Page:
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The Honolulu Advertiser
Posted on: Sunday, May 7, 2006

Expert advice: outdoors, wounds don't mix

 •  How safe is the water?

By Christie Wilson
Advertiser Neighbor Island Editor

Dr. Alan Tice and other experts agree that good old soap and water is the best defense against infections.

REBECCA BREYER | The Honolulu Advertiser

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Many people reared in Hawai'i believe that swimming in the ocean is a good way to cleanse and heal skin infections.

University of Hawai'i microbiologist Roger Fujioka said there's some wisdom behind the old wives' tale, since land-based bacteria don't do well in a saltwater environment. But as scientists learn more about Vibrio vulnificus and other marine bacteria, Fujioka and other experts are advising caution in entering sea water with open wounds especially if you're suffering from ill health.

The same goes for freshwater streams and ponds.

Keeping cuts and scrapes clean and dry remains the best prescription for preventing skin infections that can worsen and invade the bloodstream, causing life-threatening complications. And with the speed at which these infections can spread, physicians are now urging people to seek medical care at the first sign of fever, nausea and increased swelling, pain and redness.

"In Hawai'i, if you have any flu symptoms and have been in fresh water, immediately you think it's leptospirosis and you should go to the doctor. And now, if you go in the marine water and get an infection, you do the same thing," Fujioka said.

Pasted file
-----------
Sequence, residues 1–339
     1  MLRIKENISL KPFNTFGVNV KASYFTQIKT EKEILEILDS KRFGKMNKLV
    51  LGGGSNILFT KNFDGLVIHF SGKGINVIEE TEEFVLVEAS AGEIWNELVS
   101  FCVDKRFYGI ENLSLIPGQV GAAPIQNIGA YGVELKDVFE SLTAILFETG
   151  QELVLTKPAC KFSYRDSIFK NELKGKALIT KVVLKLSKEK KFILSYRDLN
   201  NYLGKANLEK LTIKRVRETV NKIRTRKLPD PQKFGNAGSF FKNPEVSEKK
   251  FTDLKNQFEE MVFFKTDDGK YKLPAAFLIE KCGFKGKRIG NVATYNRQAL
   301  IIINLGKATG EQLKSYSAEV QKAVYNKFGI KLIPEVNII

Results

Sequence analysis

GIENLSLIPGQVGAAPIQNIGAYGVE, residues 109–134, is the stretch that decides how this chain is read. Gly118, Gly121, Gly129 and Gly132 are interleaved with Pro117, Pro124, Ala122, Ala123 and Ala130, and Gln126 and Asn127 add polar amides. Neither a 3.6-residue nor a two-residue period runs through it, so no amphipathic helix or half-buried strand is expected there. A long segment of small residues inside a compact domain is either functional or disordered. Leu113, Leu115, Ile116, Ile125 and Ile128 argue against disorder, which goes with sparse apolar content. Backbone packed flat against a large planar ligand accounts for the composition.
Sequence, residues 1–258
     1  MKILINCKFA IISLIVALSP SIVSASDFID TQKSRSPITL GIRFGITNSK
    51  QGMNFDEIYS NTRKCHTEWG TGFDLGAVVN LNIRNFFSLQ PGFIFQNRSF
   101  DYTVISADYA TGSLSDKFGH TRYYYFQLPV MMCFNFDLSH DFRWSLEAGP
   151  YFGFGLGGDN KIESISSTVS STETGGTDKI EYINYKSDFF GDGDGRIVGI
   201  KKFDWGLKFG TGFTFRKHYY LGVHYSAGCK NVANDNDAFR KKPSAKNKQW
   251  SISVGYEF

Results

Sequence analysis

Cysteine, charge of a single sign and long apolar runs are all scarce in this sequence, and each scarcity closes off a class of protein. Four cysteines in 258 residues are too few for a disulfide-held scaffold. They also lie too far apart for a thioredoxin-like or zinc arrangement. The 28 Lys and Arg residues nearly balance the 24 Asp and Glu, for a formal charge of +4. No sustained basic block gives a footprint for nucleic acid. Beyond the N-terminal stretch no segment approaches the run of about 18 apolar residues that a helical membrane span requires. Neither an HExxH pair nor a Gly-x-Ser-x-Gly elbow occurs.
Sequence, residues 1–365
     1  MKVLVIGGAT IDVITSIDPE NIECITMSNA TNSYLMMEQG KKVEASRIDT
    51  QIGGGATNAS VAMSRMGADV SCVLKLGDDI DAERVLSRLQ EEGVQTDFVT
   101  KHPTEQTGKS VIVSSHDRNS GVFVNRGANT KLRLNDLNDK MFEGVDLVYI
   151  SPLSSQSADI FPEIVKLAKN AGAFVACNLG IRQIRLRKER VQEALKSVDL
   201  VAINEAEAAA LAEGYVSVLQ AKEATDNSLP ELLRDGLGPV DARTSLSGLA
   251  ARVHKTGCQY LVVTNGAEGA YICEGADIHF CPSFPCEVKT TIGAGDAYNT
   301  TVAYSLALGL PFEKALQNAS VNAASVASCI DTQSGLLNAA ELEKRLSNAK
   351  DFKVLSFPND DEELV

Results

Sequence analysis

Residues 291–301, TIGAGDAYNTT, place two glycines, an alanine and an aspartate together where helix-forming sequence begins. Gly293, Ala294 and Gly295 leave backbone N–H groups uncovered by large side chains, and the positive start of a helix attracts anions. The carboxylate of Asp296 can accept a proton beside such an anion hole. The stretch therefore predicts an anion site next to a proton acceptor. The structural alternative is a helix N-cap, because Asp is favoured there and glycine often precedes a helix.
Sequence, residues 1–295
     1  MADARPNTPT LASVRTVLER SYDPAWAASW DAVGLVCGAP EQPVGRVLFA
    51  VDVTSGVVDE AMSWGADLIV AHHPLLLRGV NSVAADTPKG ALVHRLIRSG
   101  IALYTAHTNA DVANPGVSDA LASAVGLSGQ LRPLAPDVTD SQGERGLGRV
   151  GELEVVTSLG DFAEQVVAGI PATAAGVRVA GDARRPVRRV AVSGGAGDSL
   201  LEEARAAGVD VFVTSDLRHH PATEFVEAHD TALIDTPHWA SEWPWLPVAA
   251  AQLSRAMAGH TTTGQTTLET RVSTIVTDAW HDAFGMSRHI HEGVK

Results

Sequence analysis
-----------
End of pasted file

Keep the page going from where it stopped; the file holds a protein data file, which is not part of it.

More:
The best defense is a good cleansing with antibacterial soap and water to remove dirt and damaged tissue, physicians said. Alcohol-based skin-cleansing gels are an effective alternative, unless dirt is present.

If injured during an outdoor outing, Dr. Scott Hoskinson at Maui Memorial Medical Center said, do not delay treatment, if possible.

"The sooner you can clean it the better," he said. "Bacteria divide every 20 minutes, so you can see how quickly they move, and if you wait 12 hours until you get home. ... "

Other common home remedies include soaking infected cuts in hot water, but Hoskinson said the treatment is not effective, although hot compresses are sometimes used to liquify and drain boils. Hydrogen peroxide's foaming action can help clean a wound, he said, but it's a weak germ-killer and no substitute for soap and water. It hurts like heck, too, Hoskinson noted.

The experts had differing opinions on whether it was a good idea to immediately slather on antibiotic ointments such as Neosporin or bacitracin, but did agree that it's best to keep wounds dry. Hoskinson said ointments can cause allergic reactions that can be mistaken for infection.

A visit to the doctor's office may be necessary to completely remove sand, coral and other foreign material from cuts. Bandages are useful for protecting cuts and scrapes on hands and feet, but wounds should be allowed to dry out at night by taking the bandage off.

UH infectious disease specialist Dr. Alan Tice had advice for keeping Staphylococcus and streptococcal bacteria at bay: "Wash your hands, take good care of yourself and don't pick your nose."

And don't forget about tetanus, a bacterial disease commonly known as "lock jaw." Adults should get tetanus booster shots every 10 years.

Reach Christie Wilson at cwilson@honoluluadvertiser.com.